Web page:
Further in, the body load became increasingly unpleasant and my joints felt more and more tense. I had to lie down in bed as I was unable to handle the physical load in any other position. My tinnitus began to increase in intensity, and felt like a drill going into the side of my head. Negative thoughts about my past and current life began to appear. The body load and the tinnitus made it extremely difficult to positively distract myself. I got caught in a negative loop. I would get a negative thought, try to focus on something positive, become unable to enjoy the positive thing due to the tinnitus and negativity, and return to the negative thought or get a new negative thought.

This loop began to take over the entire trip and lasted pretty much towards the end. It made me feel depressed, as I was unable to enjoy anything in that state. Anything I ate tasted bad, drinking felt unpleasant, my music seemed wrong and any other media just scared me. The intensity of the depression felt similar to the one I thought I had overcome in my childhood. This made me feel as if I had not progressed at all, crushing me psychologically. I felt worthless, lonely and without purpose.

During the trip, I already started to google what might have caused the bad trip, and came across an article about the impact of stress on the mental and physical health of humans and how stress can accumulate in the body if it is not released. Reading this on LSD left a deep impression on me and made me realize how stressed I must have been. I had great difficulty sleeping as the effects of LSD still remained until around midnight.

Towards the end of the day, the negative feelings continued, though becoming increasingly sober allowed me to somewhat manage them. I was left with an overall feeling of depression and disappointment however, and felt highly dissociated and empty in the weeks after. I felt that I had gone the wrong way in my journey, and now had to figure out my way back.

4. Second Trip – 200μg, Latter Half of 2020
4.1 Set

After my first trip, I began to analyze in detail what went wrong. What bothered me was that my experience with shrooms several years prior was quite positive overall and left me with no negative impact. I suspected that my neglected physical health played a large role in the bad trip, and resolved to improve it for the next one.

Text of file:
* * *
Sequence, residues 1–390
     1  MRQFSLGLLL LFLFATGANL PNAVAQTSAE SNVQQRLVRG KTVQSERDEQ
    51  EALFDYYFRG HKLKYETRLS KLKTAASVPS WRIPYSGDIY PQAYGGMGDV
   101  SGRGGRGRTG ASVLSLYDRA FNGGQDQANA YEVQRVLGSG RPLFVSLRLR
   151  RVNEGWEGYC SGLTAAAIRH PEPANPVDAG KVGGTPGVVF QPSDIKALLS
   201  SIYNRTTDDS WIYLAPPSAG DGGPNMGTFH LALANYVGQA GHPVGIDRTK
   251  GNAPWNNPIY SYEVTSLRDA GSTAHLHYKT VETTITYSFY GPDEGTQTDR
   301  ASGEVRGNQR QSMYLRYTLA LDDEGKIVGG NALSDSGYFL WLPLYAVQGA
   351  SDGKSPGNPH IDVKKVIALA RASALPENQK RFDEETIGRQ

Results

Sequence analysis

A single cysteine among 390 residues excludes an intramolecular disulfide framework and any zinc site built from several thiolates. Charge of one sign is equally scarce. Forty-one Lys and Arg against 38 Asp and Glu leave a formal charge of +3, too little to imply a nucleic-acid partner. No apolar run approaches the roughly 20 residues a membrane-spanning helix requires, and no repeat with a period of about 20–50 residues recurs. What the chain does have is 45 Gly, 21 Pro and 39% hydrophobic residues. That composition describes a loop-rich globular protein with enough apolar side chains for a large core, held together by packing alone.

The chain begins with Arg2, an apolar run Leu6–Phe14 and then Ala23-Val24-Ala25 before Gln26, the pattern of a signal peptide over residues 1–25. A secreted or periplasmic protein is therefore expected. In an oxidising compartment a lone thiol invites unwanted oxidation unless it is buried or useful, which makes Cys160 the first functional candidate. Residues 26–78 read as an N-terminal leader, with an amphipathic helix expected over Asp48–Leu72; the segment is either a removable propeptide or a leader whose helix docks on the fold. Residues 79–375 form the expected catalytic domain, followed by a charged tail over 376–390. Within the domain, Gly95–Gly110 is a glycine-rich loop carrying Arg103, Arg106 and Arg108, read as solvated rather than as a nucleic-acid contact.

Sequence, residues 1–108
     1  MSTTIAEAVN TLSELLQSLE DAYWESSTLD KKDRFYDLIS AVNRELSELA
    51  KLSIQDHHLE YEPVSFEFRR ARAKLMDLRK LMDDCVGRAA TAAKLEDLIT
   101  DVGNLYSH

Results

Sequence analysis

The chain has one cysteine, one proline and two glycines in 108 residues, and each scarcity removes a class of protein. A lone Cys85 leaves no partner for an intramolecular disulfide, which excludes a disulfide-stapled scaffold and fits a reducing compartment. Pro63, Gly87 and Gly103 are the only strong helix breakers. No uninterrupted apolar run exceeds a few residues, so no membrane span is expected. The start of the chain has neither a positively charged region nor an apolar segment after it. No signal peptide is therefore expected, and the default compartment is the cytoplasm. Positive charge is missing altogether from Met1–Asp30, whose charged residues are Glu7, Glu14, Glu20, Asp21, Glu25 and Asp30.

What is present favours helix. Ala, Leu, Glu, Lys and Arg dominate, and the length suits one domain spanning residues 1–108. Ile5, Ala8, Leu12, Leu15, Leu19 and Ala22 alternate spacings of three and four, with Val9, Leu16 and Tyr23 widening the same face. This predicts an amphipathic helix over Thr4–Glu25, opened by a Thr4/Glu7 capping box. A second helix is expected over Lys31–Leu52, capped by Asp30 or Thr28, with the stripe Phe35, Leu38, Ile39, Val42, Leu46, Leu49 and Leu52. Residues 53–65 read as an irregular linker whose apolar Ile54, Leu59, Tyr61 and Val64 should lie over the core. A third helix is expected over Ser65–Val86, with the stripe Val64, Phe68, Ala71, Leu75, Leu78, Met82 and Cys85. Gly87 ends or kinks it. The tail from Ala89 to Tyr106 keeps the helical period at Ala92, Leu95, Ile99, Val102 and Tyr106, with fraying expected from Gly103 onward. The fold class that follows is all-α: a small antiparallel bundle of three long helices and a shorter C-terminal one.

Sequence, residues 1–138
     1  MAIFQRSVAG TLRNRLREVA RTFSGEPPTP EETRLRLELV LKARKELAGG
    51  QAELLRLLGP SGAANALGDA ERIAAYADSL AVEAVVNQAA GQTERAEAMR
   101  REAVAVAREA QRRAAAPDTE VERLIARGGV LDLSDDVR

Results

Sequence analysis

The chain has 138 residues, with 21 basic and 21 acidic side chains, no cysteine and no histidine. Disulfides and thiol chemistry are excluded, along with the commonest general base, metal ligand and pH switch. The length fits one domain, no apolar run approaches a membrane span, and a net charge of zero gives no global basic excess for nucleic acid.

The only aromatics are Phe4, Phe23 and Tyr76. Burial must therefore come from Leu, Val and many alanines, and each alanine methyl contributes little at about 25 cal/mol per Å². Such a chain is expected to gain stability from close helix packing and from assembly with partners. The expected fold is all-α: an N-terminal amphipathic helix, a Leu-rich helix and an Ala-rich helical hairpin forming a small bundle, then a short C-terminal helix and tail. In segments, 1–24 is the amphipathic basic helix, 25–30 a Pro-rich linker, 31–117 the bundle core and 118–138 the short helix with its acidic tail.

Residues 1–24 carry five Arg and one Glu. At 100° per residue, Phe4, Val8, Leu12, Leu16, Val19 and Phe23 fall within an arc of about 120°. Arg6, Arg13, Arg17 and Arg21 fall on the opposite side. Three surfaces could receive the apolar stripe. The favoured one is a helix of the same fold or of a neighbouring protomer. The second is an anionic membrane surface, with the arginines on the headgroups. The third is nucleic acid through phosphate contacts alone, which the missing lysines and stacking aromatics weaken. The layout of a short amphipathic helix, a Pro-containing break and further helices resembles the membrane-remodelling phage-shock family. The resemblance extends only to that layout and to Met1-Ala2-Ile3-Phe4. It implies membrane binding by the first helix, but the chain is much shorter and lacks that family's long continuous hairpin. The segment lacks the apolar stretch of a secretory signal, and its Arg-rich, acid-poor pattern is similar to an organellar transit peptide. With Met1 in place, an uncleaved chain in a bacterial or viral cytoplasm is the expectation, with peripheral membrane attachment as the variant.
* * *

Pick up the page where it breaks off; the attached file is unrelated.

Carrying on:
The first thing I changed was to go for a jog regularly. I always hated cardio and avoided it wherever possible, limiting myself to lifting weights at best. Following the bad trip, I would jog every two days religiously, not missing a day and improving a bit each time. It felt awful at first and what kept me going was not some sudden happiness released by this change, but the remaining feeling of depression that I felt I did not deserve and wanted to tackle. I also started to look into supplements to deal with possible deficiencies and began to pay closer attention to my diet.

The second thing I changed was to socialize more. While I had made quite a few friends during my studies, I would usually neglect going out with them and never took the initiative in making plans with them. This change came very reluctantly though, and I did not fully realize it for now.

The third thing I changed was trying to reduce my work load and stress myself less over my success. This change was also not fully realized following my first trip, largely because for most of the time before my second trip I was not fully done with my studies yet.

As a result of jogging regularly, I began to notice improvements to my physical well-being and sleep quality. I also felt calmer overall. Furthermore, I had taken some steps towards handling my tinnitus involving my teeth, posture and stretching exercises, and had seen some improvements.

I went into the trip with some hope, but also much greater respect and with some fear of the possible consequences.

4.2 Setting